The likes of the world’s business software and employment structures are geared, in today’s capitalistic world, to maximise efficiency and output. But as Ted Black points out below, the highly successful Richemont may shine a light on how these systems can create another problem. He touches on how production people are measured by volume, but what if the supply chain gets to the point of “over exuberance” where it can’t sell the output stock anymore? Black goes on to question whether other retailers could share the same problem. An interesting problem, but as Black puts it, Richemont is still a cash jing linga machine, in reference to Frank Sinatra’s famous song. – Gareth van Zyl
By Ted Black*
To set the scene, “Baubles, bangles and beads, hear how they jing, jinga linga” would have been a good song to play at Richemont’s latest results presentation. Despite a setback in performance, this firm is a cash jing linga machine.
Johann Rupert opened the meeting by saying he’d make a few remarks to ensure the session would take half the time it usually does. He then spoke close to 80% of the time – all interesting stuff with some good insights for managers.
He started by linking Taleb’s Black Swan thinking to running a business and becoming a victim of a fragile economy. He reminded everyone that the FT called him “Rupert the Bear” for his penchant for predicting problems – or “Black Swans” as he put it.
Of course, you don’t “predict” Black Swans. You look for them. In Karl Popper’s terms, the true scientific approach is not to prove your theory right – that all swans are white – but to falsify it by looking for a Black Swan. There seem to be many of those. It would be better to change from swans to crows.
Look for “White Crows” instead. Besides, something “white” is more PC. These days if there is incompetent performance the fall-back position worldwide seems to be a racist one – blame whites for it.
He then talked about SAP and how improved systems and “over exuberance” had led to an oversupply of watches. Could this tell us that Richemont’s management was not the victim of a “Black Swan” event but something much more mundane than that? A weakness that’s generic to most businesses and especially the marketing function?
The presentation focused on sales, margins and the problems of overproduction and too much inventory but there was none on the sales productivity of the asset base – in this case, the sales productivity of inventory, or stock. Look at the chart:
Stock ATO (Asset Turnover) is Sales ÷ Inventory. Despite good revenue growth, the sales productivity of stock has declined since 2011. Maybe the trend would have been even worse but for pulling dead stock out of the system and taking a profit knock.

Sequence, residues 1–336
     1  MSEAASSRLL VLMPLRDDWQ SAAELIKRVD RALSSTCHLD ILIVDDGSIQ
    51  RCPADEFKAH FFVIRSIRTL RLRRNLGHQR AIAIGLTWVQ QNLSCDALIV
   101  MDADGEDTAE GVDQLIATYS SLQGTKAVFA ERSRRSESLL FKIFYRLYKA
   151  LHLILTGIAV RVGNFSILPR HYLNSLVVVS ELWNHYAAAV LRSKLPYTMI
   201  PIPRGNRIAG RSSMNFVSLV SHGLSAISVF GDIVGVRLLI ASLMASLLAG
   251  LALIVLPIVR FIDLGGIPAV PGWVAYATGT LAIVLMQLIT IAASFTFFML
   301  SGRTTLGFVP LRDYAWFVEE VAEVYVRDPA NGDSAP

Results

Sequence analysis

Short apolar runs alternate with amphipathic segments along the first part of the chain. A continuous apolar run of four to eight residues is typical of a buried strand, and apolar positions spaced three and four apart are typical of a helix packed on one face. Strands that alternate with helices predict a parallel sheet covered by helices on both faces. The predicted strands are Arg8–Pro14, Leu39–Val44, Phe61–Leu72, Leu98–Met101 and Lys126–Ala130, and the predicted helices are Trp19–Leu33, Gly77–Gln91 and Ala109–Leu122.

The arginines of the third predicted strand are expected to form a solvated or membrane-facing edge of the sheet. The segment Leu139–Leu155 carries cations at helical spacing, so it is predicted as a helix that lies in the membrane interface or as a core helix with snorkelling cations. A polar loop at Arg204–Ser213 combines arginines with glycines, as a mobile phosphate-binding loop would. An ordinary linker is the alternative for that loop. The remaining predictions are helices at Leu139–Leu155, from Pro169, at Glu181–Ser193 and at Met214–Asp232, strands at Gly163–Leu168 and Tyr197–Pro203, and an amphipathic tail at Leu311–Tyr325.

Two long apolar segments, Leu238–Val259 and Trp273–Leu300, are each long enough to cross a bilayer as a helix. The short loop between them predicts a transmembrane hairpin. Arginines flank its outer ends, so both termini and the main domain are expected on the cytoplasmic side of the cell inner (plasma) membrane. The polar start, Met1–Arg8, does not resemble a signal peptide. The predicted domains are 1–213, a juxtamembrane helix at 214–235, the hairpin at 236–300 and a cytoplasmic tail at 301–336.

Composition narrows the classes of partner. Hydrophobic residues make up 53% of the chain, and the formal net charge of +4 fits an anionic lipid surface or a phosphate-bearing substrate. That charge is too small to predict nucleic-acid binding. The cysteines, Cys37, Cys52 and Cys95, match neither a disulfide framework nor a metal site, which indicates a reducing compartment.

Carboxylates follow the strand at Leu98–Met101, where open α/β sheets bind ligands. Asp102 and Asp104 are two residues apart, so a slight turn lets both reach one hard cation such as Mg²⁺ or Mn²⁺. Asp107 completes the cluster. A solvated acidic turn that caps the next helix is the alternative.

It doesn’t seem as if Richemont’s management was the victim of a “Black Swan” or “White Crow” event. All organisations are different, but share the same problems – especially the waste ones. Overproduction is waste. Too much inventory is waste. It is “the root of all evil”. What is more, as the trend line shows, the signals were there some time before but masked by great margins.
“Over exuberance” comes from marketing and sales people. By nature, they tend to be more bullish, and you must show growth every year, not so? It means if you give them space for stock, they’ll fill it. Then you have production people who are measured by volume and told the more they produce the lower the cost will be per unit will be. That’s until you can’t sell the output of course.
Early on Rupert stressed the value of SAP – presumably their ERP system. The hypothesis is that you put in an ERP system and productivity will follow. Isn’t that a premise worth testing? What evidence can they spell out for the truth of that?
Ask financial people and you’ll get one view. Ask the operating people – the ones the systems should help and support with the right information, measurement and feedback, rather than “control”, and you’ll get a different one.
Richemont shares the Stock ATO problem with another retailer but this one, unlike Richemont’s mouth-watering ones, has razor thin margins. Pick n Pay, also put in a SAP system and its Stock ATO has fallen from a height of 18.6 to 12.9. Is there some kind of correlation here? Have they both been “Sapped”?
Finally, Rupert ended with a golden rule for all who want to manage their bosses successfully. Whatever you do, keep this question front of mind and answer it truthfully: “Is there something that you know that’s important, that we haven’t discussed today, that you think is important for me to know?”
No surprises! Always put yourself in the shoes of the person above you. That way you reduce the costs of supervision.
- Ted Black runs workshops, and coaches and mentors using the ROAM model to pinpoint opportunities for measurable, bottom-line, team-driven projects. He is also a freelance writer with several books published. Contact him at [email protected].